I beat Dark Souls, I replayed Dark Souls, I made a character that I simply used as a summoning buddy to help people with Ornstein & Smough over and over again. Like many people, I fell in love with the Souls style of gameplay and it became one of my favorite genres. I’m not a huge high fantasy person but I love the apocalyptic dark fantasy world of Lordran. All the miserable characters (and one lovely onion knight) are just fantastic.

And I still insist that part of the reason I like Dark Souls so much is how similar its encounter philosophy is to Mega Man. Dark Souls is not more difficult than any other game – it’s all about pattern recognition and remembering enemy placement. Bosses have movesets that you just have to learn to avoid and get your hits in. (And when you beat bosses you get their souls/weapons, just like Mega Man!) Once you know where everything is and weakness the game becomes a dance of executing proper responses. Yes, quicker reflexes do help and yes you will die figuring out where the enemies are, but it’s difficulty has been overhyped and the fact that difficulty always is associated with these games is a disservice. Okay, off my Souls soapbox now.

My Strongest Memory:

The first time I beat Ornstein & Smough was exhilarating, obviously. But nothing compares to the pure emotion you feel when Sif starts limping towards the end of that fight. I feel so bad every time I have to face the Great Grey Wolf, especially if I’ve done the DLC section already and met Sif as a little pup. It’s such a great fight that stirs sympathy without any dialogue whatsoever.

Also fuck the Anor Londo archers. That section still plagues my nightmares.

Why It’s #23:

Like it or not, Dark Souls changed the face of gaming – both actual games and the discourse surrounding difficulty and accessibility. It’s a landmark accomplishment that is both wondrous and flawed. And I think that makes it one of the best games in the Soulslike genre because its design isn’t perfect. Instead, these flaws give the game character and a reason to come back to it to see what kind of nonsense you can get up to with a new build. It’s fantastic, it’s sometimes frustrating, and it’s definitely deserving of a spot near the top.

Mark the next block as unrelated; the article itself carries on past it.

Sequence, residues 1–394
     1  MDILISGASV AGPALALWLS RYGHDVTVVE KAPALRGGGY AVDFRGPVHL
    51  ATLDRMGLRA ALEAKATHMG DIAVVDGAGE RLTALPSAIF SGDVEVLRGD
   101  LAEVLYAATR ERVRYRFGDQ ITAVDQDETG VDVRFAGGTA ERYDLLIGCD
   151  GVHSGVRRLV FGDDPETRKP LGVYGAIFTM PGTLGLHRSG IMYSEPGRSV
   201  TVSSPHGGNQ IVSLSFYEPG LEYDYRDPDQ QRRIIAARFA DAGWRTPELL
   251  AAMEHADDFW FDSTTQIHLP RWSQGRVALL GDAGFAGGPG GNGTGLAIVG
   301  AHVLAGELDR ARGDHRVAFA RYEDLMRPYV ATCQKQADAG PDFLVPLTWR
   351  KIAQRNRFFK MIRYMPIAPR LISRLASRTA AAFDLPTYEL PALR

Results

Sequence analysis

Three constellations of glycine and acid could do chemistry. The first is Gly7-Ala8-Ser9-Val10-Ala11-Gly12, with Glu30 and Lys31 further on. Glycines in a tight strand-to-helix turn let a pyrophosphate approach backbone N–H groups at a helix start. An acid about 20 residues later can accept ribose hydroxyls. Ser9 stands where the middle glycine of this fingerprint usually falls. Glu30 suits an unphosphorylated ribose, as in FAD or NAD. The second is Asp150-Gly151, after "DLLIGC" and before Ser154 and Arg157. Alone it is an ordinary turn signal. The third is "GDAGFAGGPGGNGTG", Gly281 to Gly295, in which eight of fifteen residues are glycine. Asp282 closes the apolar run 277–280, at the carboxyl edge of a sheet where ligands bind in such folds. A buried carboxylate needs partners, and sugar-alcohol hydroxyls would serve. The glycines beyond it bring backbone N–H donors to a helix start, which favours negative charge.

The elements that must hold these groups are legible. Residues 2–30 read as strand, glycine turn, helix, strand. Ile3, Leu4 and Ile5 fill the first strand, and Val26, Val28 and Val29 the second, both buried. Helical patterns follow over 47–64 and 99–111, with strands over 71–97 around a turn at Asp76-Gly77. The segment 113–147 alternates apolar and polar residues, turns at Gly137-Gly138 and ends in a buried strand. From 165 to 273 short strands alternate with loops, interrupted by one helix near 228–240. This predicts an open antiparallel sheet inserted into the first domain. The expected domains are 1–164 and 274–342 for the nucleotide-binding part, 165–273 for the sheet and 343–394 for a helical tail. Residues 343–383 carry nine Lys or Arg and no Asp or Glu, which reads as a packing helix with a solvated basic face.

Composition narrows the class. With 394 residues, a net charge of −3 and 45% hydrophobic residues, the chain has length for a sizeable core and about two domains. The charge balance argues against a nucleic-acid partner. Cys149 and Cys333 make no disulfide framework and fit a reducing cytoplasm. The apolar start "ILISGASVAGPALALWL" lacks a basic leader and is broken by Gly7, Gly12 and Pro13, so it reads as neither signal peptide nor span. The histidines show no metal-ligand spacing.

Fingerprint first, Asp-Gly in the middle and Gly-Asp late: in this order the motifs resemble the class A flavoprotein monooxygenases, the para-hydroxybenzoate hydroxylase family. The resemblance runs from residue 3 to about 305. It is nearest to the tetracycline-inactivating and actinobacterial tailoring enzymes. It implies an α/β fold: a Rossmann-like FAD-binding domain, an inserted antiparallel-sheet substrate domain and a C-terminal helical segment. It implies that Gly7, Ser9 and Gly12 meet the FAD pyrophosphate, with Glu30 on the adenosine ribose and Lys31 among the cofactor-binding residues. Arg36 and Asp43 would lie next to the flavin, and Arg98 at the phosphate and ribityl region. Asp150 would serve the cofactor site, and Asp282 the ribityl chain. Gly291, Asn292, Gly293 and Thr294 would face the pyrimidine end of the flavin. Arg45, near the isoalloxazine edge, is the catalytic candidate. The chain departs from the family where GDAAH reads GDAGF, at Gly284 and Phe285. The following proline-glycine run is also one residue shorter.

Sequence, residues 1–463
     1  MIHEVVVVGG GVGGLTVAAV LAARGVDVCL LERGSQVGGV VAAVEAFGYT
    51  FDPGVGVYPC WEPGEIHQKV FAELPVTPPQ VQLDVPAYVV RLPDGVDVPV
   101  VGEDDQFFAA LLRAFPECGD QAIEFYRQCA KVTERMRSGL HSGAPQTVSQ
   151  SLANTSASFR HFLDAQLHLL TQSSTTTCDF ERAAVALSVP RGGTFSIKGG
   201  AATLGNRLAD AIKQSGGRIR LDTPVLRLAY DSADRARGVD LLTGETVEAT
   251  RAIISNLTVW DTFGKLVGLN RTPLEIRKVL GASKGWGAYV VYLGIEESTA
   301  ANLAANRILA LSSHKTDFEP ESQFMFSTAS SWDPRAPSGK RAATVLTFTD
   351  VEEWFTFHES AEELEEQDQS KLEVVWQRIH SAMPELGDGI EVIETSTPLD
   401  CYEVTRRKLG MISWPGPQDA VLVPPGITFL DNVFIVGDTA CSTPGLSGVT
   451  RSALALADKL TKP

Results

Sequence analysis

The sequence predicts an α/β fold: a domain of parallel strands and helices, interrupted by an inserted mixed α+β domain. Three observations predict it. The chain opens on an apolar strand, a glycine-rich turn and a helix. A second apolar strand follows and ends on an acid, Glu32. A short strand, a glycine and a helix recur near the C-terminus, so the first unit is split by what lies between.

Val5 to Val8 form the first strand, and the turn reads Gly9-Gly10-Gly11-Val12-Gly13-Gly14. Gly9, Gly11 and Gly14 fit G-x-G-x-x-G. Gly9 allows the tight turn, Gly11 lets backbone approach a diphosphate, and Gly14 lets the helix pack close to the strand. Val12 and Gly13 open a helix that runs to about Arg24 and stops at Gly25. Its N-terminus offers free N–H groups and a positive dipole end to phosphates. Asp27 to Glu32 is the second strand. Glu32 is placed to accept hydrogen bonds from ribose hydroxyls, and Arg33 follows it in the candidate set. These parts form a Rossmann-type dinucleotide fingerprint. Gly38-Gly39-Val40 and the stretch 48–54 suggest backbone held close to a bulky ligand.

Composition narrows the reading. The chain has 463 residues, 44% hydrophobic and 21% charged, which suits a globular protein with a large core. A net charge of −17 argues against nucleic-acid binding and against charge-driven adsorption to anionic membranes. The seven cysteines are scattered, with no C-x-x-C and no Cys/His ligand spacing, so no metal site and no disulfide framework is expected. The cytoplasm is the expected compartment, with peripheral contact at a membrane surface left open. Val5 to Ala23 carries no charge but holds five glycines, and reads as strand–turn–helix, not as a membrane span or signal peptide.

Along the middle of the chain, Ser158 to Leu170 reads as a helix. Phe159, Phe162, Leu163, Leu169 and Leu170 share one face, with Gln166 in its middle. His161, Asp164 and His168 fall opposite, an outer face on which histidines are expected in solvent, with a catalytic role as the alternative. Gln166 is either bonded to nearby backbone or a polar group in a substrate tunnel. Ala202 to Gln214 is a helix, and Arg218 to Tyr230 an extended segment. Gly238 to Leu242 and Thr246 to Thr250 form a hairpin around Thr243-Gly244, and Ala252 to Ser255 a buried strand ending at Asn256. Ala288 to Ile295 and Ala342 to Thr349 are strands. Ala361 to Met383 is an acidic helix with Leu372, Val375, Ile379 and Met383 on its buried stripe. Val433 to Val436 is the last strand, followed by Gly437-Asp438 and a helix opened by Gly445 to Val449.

Top 100 Games of All-Time: #24

Super Smash Bros Ultimate

Release Date: December 7, 2018

Platform Played On: Switch

2018 Placement: #11 (-13)/Unranked


What It Is:

The ultimate compilation of Nintendo/fighting game/video game characters, Super Smash Bros has always been a series that fans have enjoyed to both speculate on and play. Every new release has adding growing tensions in what constitutes a believable new fighter, as later entries started scraping the bottom of the barrel for iconic Nintendo main-stays. Ultimate is the latest (and greatest) entry in the fighting game franchise, sporting a whopping 81 fighters from many different series as I write this and promising to finish its roster whenever the 82nd, final fighter is revealed.

Super Smash Bros is a fighting game and a party game all wrapped up into one that can be taken as seriously or as fun as one wants. If you want to play with all items on, go for it. If you want to play 1v1 no items, Fox only Final Destination, also go for it! The options in the game are so customizable that you can turn off and on individual items, choose CPU skill level, and train your Amiibo fighters. You have three different versions of every stage along with tons and tons of music so you can play whatever tracks you like to your heart’s content. “Everyone is here” is no lie in Super Smash Bros Ultimate’s case – it’s such a comprehensive roster that there’s definitely something for everyone.

Why It’s Important To Me:

Super Smash Bros Melee was the game of choice for my college group. While others grew up on Halo or Counterstrike, we were maining Yoshi and Ganondorf. And so the Smash Bros series has always kept an eternal spot both in my heart and also my top 100 games of all time. I’ll never be able to rid myself of the nostalgia of the 4-person brawls that occurred in my freshman dorm room as my roommate had the Gamecube and we all gathered in what we dubbed the “Lounge of Luxury” to snack and play Smash into the wee hours of the morning.

While I haven’t played Ultimate nearly as much as Melee, I also can’t justify to myself having more than one Smash Bros game on this list. Especially because the roster is so huge and all-encompassing in Ultimate that I don’t have the urge to play any of the previous games. It has every character that’s ever appeared, almost all the good stages, and enough of a single-player experience to keep me satisfied. Sorry, I’m not a Melee purist.

Ultimate is basically the culmination of two decades worth of Smash love. It carries all the weight of all my enjoyment of the original, Melee, Brawl, and the 3DS & Wii U versions. You can consider this an entry for the whole series OR just for Ultimate. Either way, it’s the one I’ll always be playing when I say I feel like playing Smash and I love it.

My Strongest Memory: